When it comes to developing packaging/producer cell lines, Tomkowicz notes that while transitioning from a triple transfection-based process is relatively straightforward because downstream considerations for purification and analytics are comparable, each cell line (HEK293, Sf9, etc.) presents its own challenges, and the characteristics of the selected cell line (origin/derivation, doubling time, and permissiveness for viral infection and replication) determine the efficiency of viral productivity. He adds that because the insect platform is completely distinct from mammalian HEK293 systems, it often requires more cell and viral engineers/scientists knowledgeable in the design and execution of the two separate platforms.

Hurdles to overcome

Developing proprietary cell lines can be a complex and challenging process. The main obstacles lie in the complexities of cellular biology, Goncalves notes. “Guaranteeing high productivity involves complex factors such as packaging efficiency and/or viral genome replication. Achieving maximized productivity demands a deep understanding of how to balance these factors. This level of optimization requires extensive genetic characterization and process development activities,” she observes.

Campbell highlights the need to have a validated cell line to start with as a barrier to beginning cell-line development. “While commercial cell lines exist, further engineering to include pHelper and/or Rep/Cap constructs is strictly prohibited [by regulators]. In addition, finding scientists who can engineer viral packaging constructs and who know how to single-clone and expand cells to GMP [good manufacturing practice]-banking is currently a challenge, as can be gaining access to advanced high-throughput technologies for accelerating cell isolation, screening, and selection. Once those issues are overcome, there is still a need to optimize cell-culture processes and customize the cell-culture media,” she explains.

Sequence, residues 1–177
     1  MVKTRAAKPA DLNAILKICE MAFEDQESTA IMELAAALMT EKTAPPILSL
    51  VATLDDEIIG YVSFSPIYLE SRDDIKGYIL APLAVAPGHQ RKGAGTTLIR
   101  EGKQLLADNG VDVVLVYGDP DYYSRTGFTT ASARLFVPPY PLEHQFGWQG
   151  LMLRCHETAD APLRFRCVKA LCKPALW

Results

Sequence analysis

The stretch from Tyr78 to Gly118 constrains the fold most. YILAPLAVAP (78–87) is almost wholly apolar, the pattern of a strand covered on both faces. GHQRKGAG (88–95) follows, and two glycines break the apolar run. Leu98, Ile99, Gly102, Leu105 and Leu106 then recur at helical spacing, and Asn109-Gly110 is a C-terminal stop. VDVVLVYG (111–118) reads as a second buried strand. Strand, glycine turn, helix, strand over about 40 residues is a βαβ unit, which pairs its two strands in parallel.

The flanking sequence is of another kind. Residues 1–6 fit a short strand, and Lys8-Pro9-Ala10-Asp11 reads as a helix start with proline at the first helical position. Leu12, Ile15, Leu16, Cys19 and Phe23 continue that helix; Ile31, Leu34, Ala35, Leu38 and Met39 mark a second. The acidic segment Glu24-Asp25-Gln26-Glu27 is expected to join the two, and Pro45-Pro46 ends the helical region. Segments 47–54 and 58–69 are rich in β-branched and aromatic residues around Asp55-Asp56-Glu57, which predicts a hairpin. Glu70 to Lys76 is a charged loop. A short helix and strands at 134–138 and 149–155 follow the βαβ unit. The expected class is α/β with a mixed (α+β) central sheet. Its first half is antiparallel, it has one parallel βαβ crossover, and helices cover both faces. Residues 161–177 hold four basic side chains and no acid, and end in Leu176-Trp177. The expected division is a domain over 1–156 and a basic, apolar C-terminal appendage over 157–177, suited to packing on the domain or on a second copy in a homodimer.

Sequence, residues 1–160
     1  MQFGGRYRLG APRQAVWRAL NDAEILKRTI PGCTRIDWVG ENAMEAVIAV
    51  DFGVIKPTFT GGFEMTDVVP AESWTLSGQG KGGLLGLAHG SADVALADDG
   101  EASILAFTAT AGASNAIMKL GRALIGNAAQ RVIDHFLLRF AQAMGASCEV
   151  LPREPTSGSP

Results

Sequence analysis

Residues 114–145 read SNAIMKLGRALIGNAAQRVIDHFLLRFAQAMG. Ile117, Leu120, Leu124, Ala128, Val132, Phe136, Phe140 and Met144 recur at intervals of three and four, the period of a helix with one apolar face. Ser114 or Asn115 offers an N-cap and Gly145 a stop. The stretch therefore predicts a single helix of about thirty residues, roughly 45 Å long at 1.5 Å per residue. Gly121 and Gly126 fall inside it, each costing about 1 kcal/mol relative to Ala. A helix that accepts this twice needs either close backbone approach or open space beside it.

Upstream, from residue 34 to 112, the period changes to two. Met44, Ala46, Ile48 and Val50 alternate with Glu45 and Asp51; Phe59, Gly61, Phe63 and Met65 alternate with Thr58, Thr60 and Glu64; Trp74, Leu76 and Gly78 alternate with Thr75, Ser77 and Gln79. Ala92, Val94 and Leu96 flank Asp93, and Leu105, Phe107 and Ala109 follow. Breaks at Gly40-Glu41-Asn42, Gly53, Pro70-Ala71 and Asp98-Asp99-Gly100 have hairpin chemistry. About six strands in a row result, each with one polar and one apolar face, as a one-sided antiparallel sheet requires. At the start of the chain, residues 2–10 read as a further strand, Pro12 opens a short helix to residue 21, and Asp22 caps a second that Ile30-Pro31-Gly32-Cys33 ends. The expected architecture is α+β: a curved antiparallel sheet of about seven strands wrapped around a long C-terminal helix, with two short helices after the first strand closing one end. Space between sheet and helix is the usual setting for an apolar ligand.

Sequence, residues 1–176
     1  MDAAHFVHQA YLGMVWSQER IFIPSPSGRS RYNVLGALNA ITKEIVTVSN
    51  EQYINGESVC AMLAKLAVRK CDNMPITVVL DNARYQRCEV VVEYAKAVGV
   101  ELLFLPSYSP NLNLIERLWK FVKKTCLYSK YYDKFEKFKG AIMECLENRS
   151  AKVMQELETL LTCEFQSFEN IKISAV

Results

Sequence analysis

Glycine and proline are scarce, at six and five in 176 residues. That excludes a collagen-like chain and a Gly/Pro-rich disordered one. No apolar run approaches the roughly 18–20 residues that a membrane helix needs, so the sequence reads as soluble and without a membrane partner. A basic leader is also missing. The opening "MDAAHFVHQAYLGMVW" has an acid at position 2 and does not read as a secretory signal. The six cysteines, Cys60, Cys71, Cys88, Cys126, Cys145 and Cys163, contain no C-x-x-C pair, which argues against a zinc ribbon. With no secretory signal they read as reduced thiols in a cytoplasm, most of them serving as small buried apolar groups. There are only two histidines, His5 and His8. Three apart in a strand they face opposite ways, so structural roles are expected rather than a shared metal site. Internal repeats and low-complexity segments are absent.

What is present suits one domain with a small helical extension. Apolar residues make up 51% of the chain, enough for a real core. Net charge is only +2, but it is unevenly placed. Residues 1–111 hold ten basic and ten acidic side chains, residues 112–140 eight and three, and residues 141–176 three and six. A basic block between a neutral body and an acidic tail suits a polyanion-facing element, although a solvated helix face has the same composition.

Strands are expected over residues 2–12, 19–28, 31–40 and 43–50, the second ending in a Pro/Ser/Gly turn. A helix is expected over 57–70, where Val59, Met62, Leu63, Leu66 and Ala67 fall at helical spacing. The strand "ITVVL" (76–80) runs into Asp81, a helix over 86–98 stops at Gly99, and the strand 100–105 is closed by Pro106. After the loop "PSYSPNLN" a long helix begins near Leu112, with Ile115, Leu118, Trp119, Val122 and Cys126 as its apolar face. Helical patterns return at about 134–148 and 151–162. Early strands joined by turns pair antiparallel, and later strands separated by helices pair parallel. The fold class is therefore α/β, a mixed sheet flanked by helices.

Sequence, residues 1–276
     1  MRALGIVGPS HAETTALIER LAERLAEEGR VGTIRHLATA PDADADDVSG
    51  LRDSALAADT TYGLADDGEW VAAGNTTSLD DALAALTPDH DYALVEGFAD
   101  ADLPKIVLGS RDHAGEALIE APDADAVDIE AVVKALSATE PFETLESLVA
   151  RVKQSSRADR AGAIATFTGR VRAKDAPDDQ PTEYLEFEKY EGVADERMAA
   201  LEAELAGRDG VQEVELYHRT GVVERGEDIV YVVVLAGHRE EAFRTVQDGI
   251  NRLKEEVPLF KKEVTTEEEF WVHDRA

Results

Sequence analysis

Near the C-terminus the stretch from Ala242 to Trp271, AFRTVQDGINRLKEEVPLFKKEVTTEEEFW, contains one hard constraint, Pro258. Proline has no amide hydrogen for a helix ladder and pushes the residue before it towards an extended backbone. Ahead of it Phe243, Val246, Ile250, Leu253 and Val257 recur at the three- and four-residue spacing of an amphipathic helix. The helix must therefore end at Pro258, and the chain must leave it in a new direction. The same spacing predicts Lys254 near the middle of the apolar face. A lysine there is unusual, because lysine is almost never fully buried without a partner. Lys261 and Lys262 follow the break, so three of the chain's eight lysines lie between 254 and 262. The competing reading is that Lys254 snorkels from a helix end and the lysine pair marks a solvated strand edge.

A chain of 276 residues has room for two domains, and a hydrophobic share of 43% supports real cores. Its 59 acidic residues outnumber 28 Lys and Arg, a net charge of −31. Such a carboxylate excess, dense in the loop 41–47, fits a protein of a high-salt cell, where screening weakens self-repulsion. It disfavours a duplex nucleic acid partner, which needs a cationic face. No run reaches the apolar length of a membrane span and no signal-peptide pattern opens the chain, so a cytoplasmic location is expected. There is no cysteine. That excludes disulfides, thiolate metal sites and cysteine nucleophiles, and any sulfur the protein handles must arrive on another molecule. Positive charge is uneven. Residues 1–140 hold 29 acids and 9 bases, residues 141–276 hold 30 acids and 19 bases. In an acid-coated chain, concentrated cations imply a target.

Screening of cell lines, including selecting the best criteria for screening, is a significant challenge noted by Cody. In addition, he notes that cell lines can take significant amounts of time to develop, screen, and characterize, so unless the increased productivity is robust, it may not always be possible to recoup the cost of cell-line development. The need for comprehensive characterization of new cell lines can also be a hurdle. “Depending on the origin of the cell line and how it was generated, new characterization assays may need to be developed and will be dictated by the type of platform,” he says.

Other technical challenges pointed out by Tomkowicz include the need to assess anti-AAV immunity for understanding clinical data and product development, the need for a rapid assay to quantify infectious viruses and gene therapy vectors, and efficient harvest of AAV vectors from cell-culture media.

Furthermore, according to Youssef, cells affording high titers may not be easy to grow or maintain in culture; prevention of AAV particle degradation via proteases, nucleases, and shear forces is necessary by ensuring high cell viability despite harmful gene products expressed and required for AAV manufacturing; and the safety of AAV particles must be assured through testing for potential contaminants, pathogens, and host-cell genes.

For development of producer cell lines affording high AAV titers, the main challenge also gets back to biological mechanisms. “There is an incomplete understanding of the molecular mechanism that controls AAV production in host cells,” comments Gu. He adds that the necessity to demonstrate cell-line stability for any new cell line regardless of its derivation, which involves several months of testing, represents another impediment.